Control Systems is a featured book on Wikibooks because it contains substantial content, it is wellformatted, and the Wikibooks community has decided to feature it on the main page or in other places. Please continue to improve it and thanks for the great work so far! You can edit its advertisement template. 
Control Systems is an interdisciplinary engineering text that analyzes the effects and interactions of mathematical systems. This book is for third and fourth year undergraduates in an engineering program.

PrefaceEdit
This book will discuss the topic of Control Systems, which is an interdisciplinary engineering topic. Methods considered here will consist of both "Classical" control methods, and "Modern" control methods. Also, discretely sampled systems (digital/computer systems) will be considered in parallel with the more common analog methods. This book will not focus on any single engineering discipline (electrical, mechanical, chemical, etc.), although readers should have a solid foundation in the fundamentals of at least one discipline.
This book will require prior knowledge of linear algebra, integral and differential calculus, and at least some exposure to ordinary differential equations. In addition, a prior knowledge of integral transforms, specifically the Laplace and Z transforms will be very beneficial. Also, prior knowledge of the Fourier Transform will shed more light on certain subjects. Wikibooks with information on calculus topics or transformation topics required for this book will be listed below:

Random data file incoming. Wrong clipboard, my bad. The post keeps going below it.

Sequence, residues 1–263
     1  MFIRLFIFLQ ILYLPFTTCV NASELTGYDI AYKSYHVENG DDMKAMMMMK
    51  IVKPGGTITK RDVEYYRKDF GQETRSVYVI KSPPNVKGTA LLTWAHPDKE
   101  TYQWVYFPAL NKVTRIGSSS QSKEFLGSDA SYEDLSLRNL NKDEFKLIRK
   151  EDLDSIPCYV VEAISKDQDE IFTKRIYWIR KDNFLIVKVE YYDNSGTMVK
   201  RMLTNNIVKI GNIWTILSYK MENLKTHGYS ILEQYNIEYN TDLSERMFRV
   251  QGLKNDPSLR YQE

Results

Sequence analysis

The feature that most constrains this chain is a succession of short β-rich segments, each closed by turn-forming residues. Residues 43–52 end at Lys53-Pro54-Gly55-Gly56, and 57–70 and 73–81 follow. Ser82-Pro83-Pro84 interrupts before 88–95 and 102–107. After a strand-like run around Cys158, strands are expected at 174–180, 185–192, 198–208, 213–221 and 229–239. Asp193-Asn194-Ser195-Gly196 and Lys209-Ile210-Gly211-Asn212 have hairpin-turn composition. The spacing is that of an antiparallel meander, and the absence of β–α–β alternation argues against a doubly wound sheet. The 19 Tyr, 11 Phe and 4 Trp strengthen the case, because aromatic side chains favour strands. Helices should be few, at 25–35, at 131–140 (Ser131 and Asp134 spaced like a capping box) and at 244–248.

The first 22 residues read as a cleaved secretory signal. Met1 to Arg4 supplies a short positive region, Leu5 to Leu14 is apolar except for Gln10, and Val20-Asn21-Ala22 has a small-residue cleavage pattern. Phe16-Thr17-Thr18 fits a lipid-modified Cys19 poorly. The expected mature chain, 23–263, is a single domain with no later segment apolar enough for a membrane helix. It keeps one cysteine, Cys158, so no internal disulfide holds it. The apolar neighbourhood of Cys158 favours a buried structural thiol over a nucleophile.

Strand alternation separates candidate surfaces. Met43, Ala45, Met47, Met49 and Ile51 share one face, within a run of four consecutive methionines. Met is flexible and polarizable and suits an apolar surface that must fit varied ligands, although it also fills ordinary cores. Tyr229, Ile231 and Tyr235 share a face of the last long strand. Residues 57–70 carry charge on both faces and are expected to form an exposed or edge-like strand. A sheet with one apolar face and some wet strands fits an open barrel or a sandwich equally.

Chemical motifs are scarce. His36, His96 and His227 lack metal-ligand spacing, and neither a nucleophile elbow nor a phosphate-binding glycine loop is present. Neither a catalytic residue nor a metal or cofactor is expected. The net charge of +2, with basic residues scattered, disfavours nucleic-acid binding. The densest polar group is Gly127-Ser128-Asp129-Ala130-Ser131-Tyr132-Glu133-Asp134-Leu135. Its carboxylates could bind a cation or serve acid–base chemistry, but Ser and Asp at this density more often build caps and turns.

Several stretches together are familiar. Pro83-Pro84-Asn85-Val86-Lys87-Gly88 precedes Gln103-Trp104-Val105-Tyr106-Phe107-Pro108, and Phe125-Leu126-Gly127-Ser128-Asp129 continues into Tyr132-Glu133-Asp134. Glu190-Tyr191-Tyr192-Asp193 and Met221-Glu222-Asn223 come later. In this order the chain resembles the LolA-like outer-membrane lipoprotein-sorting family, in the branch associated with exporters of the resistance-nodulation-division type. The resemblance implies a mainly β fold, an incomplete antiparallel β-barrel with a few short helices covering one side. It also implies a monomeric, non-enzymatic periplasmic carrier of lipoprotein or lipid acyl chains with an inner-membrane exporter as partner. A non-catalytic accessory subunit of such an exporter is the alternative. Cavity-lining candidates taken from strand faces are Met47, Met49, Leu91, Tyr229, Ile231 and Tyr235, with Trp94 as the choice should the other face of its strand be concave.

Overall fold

Table of ContentsEdit
Special PagesEdit
Print Version:  Full Print version ( ) 
Warning: Print version is over 230 pages long as of 10 Feb, 2014. 
PDF Version:  PDF Version  Warning: PDF version is over 5.4MB, as of 21 Jan, 2014. 
Cover Page:  Cover Page  Cover Image 
All Pages:  Page Listing  All Versions 
Book Policy:  Policy  Local Manual of Style 
Search This Book:  (links to an external site) 
Controls IntroductionEdit
Classical Control MethodsEdit
Modern Control MethodsEdit
 StateSpace Equations
 Linear System Solutions
 TimeVariant System Solutions
 Digital StateSpace
 Eigenvalues and Eigenvectors
 Standard Forms
 MIMO Systems
 Realizations
System RepresentationEdit
StabilityEdit
 Stability
 StateSpace Stability
 DiscreteTime Stability
 RouthHurwitz Criterion
 Jury's Test
 Root Locus
 Nyquist Stability Criterion
Controllers and CompensatorsEdit
 Controllability and Observability
 System Specifications
 State Feedback
 Estimators and Observers
 Controllers and Compensators
 Polynomial Design
Adaptive ControlEdit
Nonlinear SystemsEdit
Noisy SystemsEdit
Introduction to Digital ControlsEdit
 Digital Control Systems
 DiscreteTime Stability
 System Delays
 Sampled Data Systems
 Z Transform Mappings
ExamplesEdit
AppendicesEdit
Resources, Glossary, and LicenseEdit
Control Systems